free
Newly Registered
Posts: 8
Joined: Sat Jun 22, 2019 7:35 pm

Re: Unmarried partner EU & non EEA overstay

Post by free » Mon Sep 23, 2019 1:28 pm

Section 5: Durable relationship (unmarried or same-sex
partner of the EEA national)
Proof that you’re in a durable relationship with the relevant EEA national
You should send at least 6 items of correspondence addressed to you and your partner at the
same address as evidence that you have been living together for at least two years, or since you
were last issued with a registration certificate or residence card in this category (if applicable).
The items of correspondence should be addressed to you jointly or in both your names. Examples
of acceptable items are listed below. The documents provided must be originals. Photocopies are
not acceptable.
The dates of the items of correspondence should be spread evenly over the whole 2 years. They
should be from at least 3 different sources. If you do not have enough items in your joint names,
you may also provide items addressed to each of you individually if they show the same address
for both of you.
For example – if you have 4 items of correspondence in joint names for the same address, you
would need to submit 2 items addressed to each partner at that address (8 items in total).
If you and your partner have no bills or correspondence in joint names, you will need to submit 12
items (6 each) of correspondence, showing that you live together at the same address.
If you and your partner lived with relatives or friends for some or all of the 2-year period, please
provide a letter from the relative(s) and/or friend(s) confirming this.
If you did not live together for any part of the 2-year period, tell us the reasons for this and whether
you stayed in contact with each other during this time, and provide any relevant supporting
evidence.
Please give an explanation on a separate sheet if you cannot provide at least 6 items; if the items
are not addressed to both of you; or if they do not cover the 2-year period.
Suitable evidence includes (but is not limited to):
EEA(EFM): guidance notes – v2.0 - December 2015 Page 5 of 16
 Letters or other documents from government departments or agencies, for example HM
Revenue and Customs, Department for Work and Pensions, DVLA, TV Licensing
 Letters or other documents from your GP, a hospital or other local health service about medical
treatments, appointments, home visits or other medical matters
 Bank statements/letters
 Building society savings books/letters
 Council tax bills or statements
 Electricity and/or gas bills or statements
 Water rates bills or statements
 Mortgage statements/agreement
 Tenancy agreement(s)
 Telephone bills or statements
 Photographs of you and your sponsor together – for example, on holiday or at a family
celebration
 Evidence of how you have kept in contact with each other during periods in which you have not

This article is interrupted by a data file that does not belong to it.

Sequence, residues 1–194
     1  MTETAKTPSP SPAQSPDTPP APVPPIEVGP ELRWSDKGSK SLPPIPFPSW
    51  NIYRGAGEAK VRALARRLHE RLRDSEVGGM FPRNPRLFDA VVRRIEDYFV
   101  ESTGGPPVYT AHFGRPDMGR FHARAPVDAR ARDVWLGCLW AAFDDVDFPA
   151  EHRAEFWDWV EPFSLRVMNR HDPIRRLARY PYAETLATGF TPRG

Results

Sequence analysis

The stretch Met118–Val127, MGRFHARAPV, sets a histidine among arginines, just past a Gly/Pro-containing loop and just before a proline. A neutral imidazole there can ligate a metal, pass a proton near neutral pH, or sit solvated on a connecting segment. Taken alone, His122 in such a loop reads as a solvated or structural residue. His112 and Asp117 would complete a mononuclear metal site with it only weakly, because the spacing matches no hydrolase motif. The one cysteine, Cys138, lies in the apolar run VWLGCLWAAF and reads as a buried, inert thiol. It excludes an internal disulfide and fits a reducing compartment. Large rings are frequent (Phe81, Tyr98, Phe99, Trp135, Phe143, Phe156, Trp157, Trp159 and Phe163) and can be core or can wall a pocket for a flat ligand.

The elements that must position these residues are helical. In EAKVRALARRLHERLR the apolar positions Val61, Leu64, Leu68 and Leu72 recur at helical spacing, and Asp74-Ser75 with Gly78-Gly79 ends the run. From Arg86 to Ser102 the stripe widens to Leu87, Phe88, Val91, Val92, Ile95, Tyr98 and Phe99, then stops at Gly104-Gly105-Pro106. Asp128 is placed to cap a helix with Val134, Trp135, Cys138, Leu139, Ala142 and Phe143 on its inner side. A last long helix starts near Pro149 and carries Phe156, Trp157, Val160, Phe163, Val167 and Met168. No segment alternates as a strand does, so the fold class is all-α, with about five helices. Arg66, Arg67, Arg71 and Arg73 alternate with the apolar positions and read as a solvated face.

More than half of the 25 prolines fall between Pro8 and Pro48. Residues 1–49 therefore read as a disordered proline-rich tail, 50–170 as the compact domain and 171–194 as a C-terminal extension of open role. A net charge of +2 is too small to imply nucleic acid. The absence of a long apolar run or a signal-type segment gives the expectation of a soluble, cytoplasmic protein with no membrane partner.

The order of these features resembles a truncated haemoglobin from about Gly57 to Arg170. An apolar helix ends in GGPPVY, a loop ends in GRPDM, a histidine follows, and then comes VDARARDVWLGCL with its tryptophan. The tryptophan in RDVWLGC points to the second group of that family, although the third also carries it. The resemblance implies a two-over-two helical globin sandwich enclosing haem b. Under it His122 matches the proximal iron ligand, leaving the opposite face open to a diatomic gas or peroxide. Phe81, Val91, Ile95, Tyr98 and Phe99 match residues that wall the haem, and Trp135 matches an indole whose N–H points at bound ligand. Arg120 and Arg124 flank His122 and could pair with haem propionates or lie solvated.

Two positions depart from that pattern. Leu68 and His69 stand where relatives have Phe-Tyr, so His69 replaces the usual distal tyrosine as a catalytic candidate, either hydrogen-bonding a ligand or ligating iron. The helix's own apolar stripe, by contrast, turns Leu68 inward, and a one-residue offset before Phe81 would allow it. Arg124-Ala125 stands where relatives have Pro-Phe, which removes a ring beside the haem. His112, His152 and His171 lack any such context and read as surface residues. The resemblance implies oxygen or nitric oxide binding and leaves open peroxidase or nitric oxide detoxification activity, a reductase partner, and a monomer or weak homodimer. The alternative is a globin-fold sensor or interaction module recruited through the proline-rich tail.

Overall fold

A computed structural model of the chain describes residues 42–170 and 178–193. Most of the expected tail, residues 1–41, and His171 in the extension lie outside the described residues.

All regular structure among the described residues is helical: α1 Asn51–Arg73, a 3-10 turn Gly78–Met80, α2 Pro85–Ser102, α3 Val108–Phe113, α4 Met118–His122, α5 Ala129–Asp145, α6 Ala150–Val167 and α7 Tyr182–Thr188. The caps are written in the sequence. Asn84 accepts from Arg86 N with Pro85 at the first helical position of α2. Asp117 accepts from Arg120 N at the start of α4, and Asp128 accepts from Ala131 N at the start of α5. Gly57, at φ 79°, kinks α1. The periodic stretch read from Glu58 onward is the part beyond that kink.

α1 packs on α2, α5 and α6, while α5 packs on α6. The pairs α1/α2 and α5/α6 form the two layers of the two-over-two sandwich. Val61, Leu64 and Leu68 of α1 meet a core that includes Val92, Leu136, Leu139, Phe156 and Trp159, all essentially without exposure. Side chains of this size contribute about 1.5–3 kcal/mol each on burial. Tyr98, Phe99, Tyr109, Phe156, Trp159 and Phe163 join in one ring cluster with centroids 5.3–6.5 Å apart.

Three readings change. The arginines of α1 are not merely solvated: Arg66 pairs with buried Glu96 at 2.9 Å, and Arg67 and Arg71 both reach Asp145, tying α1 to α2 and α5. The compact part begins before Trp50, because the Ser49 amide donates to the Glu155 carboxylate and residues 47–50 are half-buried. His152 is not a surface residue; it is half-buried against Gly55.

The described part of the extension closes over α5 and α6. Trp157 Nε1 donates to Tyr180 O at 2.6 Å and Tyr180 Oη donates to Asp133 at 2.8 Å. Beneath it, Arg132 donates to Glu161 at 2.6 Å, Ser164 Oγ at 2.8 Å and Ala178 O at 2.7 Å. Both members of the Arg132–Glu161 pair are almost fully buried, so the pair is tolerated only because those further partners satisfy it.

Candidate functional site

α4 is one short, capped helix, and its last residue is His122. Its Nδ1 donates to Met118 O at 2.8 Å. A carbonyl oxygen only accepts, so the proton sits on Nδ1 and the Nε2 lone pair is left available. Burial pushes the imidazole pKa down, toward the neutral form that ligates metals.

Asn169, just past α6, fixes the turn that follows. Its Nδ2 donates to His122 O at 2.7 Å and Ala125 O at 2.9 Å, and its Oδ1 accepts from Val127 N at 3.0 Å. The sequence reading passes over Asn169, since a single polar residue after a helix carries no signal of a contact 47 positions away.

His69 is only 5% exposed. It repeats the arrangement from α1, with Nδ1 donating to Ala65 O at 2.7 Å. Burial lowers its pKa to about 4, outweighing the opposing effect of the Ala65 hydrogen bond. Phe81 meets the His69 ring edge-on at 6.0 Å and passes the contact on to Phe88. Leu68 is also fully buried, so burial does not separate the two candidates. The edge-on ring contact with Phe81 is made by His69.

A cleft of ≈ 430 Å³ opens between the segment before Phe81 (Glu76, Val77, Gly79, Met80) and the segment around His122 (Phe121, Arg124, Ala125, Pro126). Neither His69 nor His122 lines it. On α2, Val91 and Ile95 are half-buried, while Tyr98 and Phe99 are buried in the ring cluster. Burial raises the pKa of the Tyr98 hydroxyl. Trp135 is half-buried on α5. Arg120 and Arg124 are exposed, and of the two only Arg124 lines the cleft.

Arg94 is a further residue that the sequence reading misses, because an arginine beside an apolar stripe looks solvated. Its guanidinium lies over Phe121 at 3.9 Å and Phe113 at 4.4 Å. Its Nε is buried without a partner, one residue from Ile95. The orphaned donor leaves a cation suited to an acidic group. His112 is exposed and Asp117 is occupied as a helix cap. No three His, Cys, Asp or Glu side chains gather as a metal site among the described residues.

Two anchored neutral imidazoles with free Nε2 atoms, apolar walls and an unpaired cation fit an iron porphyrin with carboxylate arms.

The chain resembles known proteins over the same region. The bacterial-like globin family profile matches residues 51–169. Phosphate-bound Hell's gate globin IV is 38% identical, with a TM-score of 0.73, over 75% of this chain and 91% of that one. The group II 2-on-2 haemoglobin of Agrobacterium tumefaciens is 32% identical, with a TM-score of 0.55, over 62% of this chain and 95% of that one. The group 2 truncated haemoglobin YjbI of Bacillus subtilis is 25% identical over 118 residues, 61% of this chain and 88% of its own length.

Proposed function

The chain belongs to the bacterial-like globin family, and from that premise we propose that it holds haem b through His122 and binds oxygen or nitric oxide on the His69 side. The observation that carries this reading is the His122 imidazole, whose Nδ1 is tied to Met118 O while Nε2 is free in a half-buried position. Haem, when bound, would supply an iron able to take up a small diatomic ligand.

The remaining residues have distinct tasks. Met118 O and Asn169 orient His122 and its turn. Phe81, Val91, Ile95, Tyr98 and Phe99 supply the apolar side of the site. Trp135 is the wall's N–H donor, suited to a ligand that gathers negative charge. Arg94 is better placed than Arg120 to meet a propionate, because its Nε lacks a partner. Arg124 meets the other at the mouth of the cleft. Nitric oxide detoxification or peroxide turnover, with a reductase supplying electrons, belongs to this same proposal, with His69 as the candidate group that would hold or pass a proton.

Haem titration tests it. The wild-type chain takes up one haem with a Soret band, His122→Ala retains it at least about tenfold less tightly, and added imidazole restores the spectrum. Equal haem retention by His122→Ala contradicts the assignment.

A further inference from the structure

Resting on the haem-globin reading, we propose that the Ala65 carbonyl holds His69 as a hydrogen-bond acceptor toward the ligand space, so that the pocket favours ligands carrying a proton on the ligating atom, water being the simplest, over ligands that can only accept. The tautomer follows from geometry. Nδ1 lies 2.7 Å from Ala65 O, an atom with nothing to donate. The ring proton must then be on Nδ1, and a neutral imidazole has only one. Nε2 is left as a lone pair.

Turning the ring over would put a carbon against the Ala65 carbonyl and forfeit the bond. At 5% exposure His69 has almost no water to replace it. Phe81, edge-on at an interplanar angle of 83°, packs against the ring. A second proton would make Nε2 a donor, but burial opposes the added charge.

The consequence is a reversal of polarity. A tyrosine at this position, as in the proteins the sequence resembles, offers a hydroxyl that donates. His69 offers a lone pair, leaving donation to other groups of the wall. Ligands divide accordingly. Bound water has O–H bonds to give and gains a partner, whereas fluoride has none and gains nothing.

lived together – for example, letters, printouts of emails or contact via social media, mobile
phone bills showing you have contacted each other, printouts of Skype (or similar) logs, etc
 Any other relevant evidence.

Section 13: Sponsor is self-sufficient
Proof of your sponsor’s financial resources
One or more of the following:
 Itemised bank statements covering at least the last 3 months
 Building society pass book
 Evidence of receipt of a pension
 Evidence of income from rental property
 Wage slips from lawful employment
 Evidence of income from lawful self-employment
 Any other relevant evidence of the financial resources available to your sponsor.
The documents must be in your sponsor’s name, or in the name of a person who is financially
supporting them. If a relative, friend or other person (including you) is financially supporting them,
you must enclose a signed and dated letter from that person confirming that they are supporting
your sponsor and for how long, together with evidence of their financial resources (as above).
Proof of comprehensive sickness insurance
One of the following:
 If your sponsor has private medical insurance, enclose a schedule or other document from the
insurance provider outlining the level of cover – this must cover you, your sponsor (and any
family members in the UK, if applicable) for the majority of risks while in the UK
 Valid European Health Insurance Card (EHIC) (formerly form E111) issued by an EEA Member
State (other than the UK), together with a statement confirming that your sponsor does not
intend to live permanently in the UK (the statement is not required if your sponsor already has
a permanent right of residence in the UK.)
 Form S1 (formerly form E106, E109, or E121)
 Form S2 (formerly form E112)
 Form S3.
Note: the definition of comprehensive sickness insurance does not include cash-back health
schemes, travel insurance policies, or access to the UK’s National Health Service (NHS)

Post Reply
cron